Open Collector (NPN / PNP) vs Push Pull Outputs

In factory automation, sensors not only need to be specified appropriately for the sensing task, but also need to consider what “type” of output and what output “configuration” is required by the PLC or machine to be compatible with it.  PLC’s or machines will typically require either a form of AC input from an AC powered sensor, or a “type” of DC input and a DC input “configuration” from a DC powered sensor.  Since the issues regarding the AC powered sensor and its compatibility with the PLC or machine are relatively straight forward, only DC inputs are discussed here since they are the most popular, and often the most misunderstood.

For PLC’s or machines that require a DC input (DC output from the respective sensor) the typical single question that is often asked is: “Does the PLC or machine need an NPN/Sinking or PNP/Sourcing “type” output from the sensor?”   Although the answer to this question is usually sufficient to select the right sensor, it assumes that the output “configuration” of the sensor is compatible with the input “configuration” needs of the PLC or machine.  It would be prudent to also ask if the existing sensor has a push-pull output configuration?  If so, then likely the PLC or machine is designed to accept only sensors with a push-pull output configuration.

NPN/Sinking type outputs attempt to take their output to equipment ground or power supply common (near zero volts) when the sensor turns ON its output.  PNP/Sourcing outputs attempt to take their output to near positive (+) of the supply voltage when the sensor turns ON its output.

Note that if what “type” of DC input the PLC or machine needs (i.e. NPN/Sinking or PNP/Sourcing) is unknown, then generally it is safe to try an NPN/Sinking sensor type output, and if the PLC or machine does not recognize it, disconnect it, and try the PNP/Sourcing sensor type output, or vice-versa.

The two DC output “configurations” from a sensor are:

  1. Open-Collector output configuration:
    The DC powered open-collector sensor may provide either NPN/Sinking type output or open collector PNP/Sourcing type output, or the DC powered sensor may provide dual type outputs (open-collector NPN/Sinking and open-collector PNP/Sourcing).   If dual type outputs are provided, it will be via two separate, dedicated output wires.  Most DC sensors in the industry provide open-collector output configurations, and most PLC’s and machines are designed to be compatible with open-collector sensor configurations.  Note that not all manufacturers clearly indicate in their spec sheets that their sensor’s output is in fact, an open-collector configuration.
  1. Push-Pull output configuration:
    A sensor with push-pull output configuration has both an NPN and a PNP type transistor in its final output stage.  Because of the required common connection between the two within the sensor, a single output wire from the sensor can provide both Sinking and Sourcing output.  Many sensor manufacturers will indicate that their sensor’s output is push-pull, if in fact it is.  Chances are that if a manufacturer does not say the output configuration is push-pull, that it is open-collector.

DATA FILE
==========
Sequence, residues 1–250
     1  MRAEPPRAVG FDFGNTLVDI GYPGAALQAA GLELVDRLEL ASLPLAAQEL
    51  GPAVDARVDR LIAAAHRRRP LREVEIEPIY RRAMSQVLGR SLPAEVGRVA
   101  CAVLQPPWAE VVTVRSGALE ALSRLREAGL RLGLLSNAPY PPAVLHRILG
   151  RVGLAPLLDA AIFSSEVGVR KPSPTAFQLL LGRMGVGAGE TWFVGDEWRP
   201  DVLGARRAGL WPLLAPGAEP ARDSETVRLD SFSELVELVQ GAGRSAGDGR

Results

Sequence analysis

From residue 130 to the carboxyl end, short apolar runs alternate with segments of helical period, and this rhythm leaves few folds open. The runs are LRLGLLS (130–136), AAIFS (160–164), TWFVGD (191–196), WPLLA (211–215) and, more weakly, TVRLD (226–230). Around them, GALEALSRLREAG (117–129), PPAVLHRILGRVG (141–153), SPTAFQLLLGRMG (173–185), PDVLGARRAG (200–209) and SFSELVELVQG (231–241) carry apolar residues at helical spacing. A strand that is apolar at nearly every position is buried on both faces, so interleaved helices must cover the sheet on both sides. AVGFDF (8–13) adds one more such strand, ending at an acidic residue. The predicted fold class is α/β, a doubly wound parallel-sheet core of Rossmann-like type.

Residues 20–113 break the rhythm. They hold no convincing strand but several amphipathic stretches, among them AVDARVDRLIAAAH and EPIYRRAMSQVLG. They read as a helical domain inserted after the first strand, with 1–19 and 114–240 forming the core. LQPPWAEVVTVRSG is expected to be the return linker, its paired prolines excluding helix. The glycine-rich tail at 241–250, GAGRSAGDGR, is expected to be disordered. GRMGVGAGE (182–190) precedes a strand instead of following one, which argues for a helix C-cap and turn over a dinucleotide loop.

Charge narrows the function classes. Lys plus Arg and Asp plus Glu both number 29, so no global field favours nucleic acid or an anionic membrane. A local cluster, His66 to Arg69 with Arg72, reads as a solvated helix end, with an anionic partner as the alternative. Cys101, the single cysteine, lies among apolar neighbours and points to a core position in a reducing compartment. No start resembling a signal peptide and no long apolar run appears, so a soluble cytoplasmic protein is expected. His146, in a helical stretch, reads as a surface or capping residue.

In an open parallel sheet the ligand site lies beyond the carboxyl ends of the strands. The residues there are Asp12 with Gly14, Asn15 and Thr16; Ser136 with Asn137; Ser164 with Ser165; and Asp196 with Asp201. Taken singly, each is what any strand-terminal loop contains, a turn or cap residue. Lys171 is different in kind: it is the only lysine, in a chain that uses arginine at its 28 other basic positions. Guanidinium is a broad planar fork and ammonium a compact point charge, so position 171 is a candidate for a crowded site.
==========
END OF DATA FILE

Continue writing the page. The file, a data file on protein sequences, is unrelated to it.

Where is the concern?:
Sensors with open-collector NPN/Sinking or PNP/Sourcing output configurations do not supply any voltage to their output transistors.  They depend on obtaining the voltage that is needed to make them function from the voltage supply of the PLC or machine that they are connected to.  The advantage of the open-collector configuration is that the sensor will be compatible with a wide variety of PLC or machine supply voltages.

While push-pull configuration sounds like the ideal situation, the two transistors are connected to a supply voltage within the sensor, and that voltage reference is experienced in the single output that it provides.  This output voltage provided by the sensor, must be compatible with the supply voltage for the PLC or machine that it is connected to.

In short, good advice would be that sensors that provide open-collector output configurations should be used with PLC’s or machines that are designed to accept open-collector input configurations, and sensors with push-pull output configurations should be used with machines that are designed to accept push-pull input configurations.

If the PLC or machine required configuration is unknown and if, for example, is push-pull, a sensor with an open-collector configuration may operate and sense the task, but the machine may or may not accept the sensor’s signal, or may respond unpredictably solely because of the difference in configurations of the sensor versus the PLC or machine, and vice-versa.

A specific solution to a specific incompatibility:
To use a sensor with open-collector NPN/sinking output configuration and be compatible with a PLC or machine that is designed to accept a push-pull NPN/Sinking input configuration, a “PULL-UP” resistor of approximately 1k ohm value would have to be added.  The resistor needs to be connected from the output wire of the sensor to the PLC or machine’s positive (+) supply.  This will provide the necessary operating voltage for the sensor’s NPN transistor in the open-collector configuration, and facilitate compatibility between sensor and PLC or machine.

Eagle Sensors & Controls - A Division of Excel Automation LLC